Health Ministry reports 249 cases of vaccinated people with adverse reactionSaturday, July 31, 2021
KINGSTON, Jamaica— The Ministry of Health and Wellness (MOHW) is reporting they have identified 249 instances of vaccinated people in Jamaica who may have had adverse reactions to the AstraZeneca vaccine since the start of the country's COVID-19 immunisation campaign.
This announcement was made at the ministry's COVID-19 Conversation on Thursday, when the Director of Family Health Services in the Ministry, Dr Melody Ennis, broke down the numbers, following growing public vaccine hesitancy.
“We have established a committee, this is a committee made up of persons who look specifically at events that are supposedly attributed specifically to vaccination or immunisation. These are whatever untoward events which may include deaths, disability - permanent or temporary, or hospitalisation, among other things,” Dr Ennis said, as she noted that the 249 cases came from the 305,000 doses of the AstraZeneca vaccine administered.
“We do a classification of the [cases] that we received and of the 249, we have classified 46 as serious, now the classification that we used is an internationally accepted classification and be mindful that the persons on the committee here in Jamaica have been trained. They are clinicians with expert training in a particular field,” Ennis stated.
Adding that these serious cases went through full evaluations to determine the cause, Ennis said, “we have noted 11 persons that have died after receiving the vaccine, and when we do the [full] report we concluded that nine of those 11 persons' deaths were coincidental, so it was not caused by the vaccine, their deaths would have occurred whether they had the vaccine or not. It was just coincidental.”
“Two others, we have been able to ascertain as being indeterminate...you look at the level of evidence that shows that a vaccine could cause this illness and we found that there was no such body of evidence at this time and therefore the underlying illness that these two persons had possibly could have led to their deaths and it was indeterminate if the vaccine could have caused it but there is no such evidence at this time,” she added.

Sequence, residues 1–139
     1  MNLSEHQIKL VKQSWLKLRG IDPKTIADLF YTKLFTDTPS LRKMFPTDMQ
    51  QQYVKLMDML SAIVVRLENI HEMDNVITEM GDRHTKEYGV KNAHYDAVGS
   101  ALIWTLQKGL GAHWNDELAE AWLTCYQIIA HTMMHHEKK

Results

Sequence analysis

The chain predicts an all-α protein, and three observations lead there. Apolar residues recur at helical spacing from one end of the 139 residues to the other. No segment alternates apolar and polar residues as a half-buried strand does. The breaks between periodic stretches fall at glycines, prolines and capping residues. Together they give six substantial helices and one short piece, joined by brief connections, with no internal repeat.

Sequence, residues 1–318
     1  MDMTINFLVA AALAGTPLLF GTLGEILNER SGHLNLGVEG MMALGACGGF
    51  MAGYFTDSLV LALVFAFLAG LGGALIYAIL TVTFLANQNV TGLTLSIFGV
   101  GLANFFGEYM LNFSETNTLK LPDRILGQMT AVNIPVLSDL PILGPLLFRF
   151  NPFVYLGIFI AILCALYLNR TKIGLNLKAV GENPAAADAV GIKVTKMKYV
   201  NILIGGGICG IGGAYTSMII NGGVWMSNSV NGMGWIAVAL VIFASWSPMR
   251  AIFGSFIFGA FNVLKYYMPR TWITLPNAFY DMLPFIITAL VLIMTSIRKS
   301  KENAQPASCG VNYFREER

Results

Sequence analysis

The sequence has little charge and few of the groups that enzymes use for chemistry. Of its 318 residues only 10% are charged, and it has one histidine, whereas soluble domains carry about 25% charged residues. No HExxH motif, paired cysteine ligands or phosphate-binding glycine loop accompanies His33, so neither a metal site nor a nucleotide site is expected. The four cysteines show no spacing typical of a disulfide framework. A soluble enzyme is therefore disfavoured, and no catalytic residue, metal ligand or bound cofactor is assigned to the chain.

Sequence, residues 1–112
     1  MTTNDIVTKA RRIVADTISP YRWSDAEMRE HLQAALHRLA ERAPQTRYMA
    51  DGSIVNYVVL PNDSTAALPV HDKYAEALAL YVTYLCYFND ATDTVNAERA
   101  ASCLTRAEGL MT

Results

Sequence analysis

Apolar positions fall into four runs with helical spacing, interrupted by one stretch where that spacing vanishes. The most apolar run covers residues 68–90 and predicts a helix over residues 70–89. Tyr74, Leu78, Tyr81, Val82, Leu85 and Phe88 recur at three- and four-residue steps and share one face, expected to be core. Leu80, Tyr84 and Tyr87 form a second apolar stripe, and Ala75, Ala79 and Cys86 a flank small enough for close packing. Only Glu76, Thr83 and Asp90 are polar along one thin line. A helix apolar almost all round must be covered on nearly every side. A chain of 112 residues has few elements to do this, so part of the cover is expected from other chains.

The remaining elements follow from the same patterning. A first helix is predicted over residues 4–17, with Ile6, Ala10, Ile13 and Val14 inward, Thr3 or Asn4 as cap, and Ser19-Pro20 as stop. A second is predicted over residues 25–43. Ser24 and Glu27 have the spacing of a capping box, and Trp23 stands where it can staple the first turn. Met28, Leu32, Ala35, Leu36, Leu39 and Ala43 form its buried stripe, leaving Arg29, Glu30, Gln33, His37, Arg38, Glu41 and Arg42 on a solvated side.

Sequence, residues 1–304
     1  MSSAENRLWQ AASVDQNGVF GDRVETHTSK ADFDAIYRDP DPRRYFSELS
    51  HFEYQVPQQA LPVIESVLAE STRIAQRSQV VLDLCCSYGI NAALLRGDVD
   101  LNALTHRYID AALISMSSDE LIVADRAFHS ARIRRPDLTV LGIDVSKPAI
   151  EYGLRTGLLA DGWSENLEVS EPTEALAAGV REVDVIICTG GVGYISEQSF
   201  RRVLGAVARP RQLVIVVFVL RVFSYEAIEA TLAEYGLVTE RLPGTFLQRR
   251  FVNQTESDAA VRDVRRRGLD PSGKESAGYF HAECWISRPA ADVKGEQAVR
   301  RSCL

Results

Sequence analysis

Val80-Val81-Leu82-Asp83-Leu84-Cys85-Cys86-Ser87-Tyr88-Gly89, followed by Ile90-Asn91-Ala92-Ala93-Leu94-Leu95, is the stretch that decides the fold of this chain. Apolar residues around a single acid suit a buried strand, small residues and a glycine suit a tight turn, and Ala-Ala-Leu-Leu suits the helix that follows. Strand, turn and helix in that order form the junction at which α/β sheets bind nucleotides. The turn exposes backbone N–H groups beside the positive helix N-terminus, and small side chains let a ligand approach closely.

Clarifying that the other remaining numbers that made up the 46 cases, including allergic reactions, Ennis emphasised that all of those patients have fully recovered.
In addition she said, “we have identified three persons who we recommended based on our assessment that they should not receive the second dose of the vaccine. So there may be conditions that preclude, if you had a particular reaction after the first dose, once that assessment is done, we recommend that you do not take the second dose.”
Stressing that with vaccines there are a number of expected side effects, Ennis confirmed that these types of reports needed to facilitate more informed decisions locally and internationally.
“That is the extent of our investigation, to date, we continue to collect information from the field. We encourage people to report [adverse reactions]. The form is actually online for people to report adverse events. However, we do recommend that persons come in to us, so that we can assess them, allay fears and treat them if necessary,” Dr Ennis stated.
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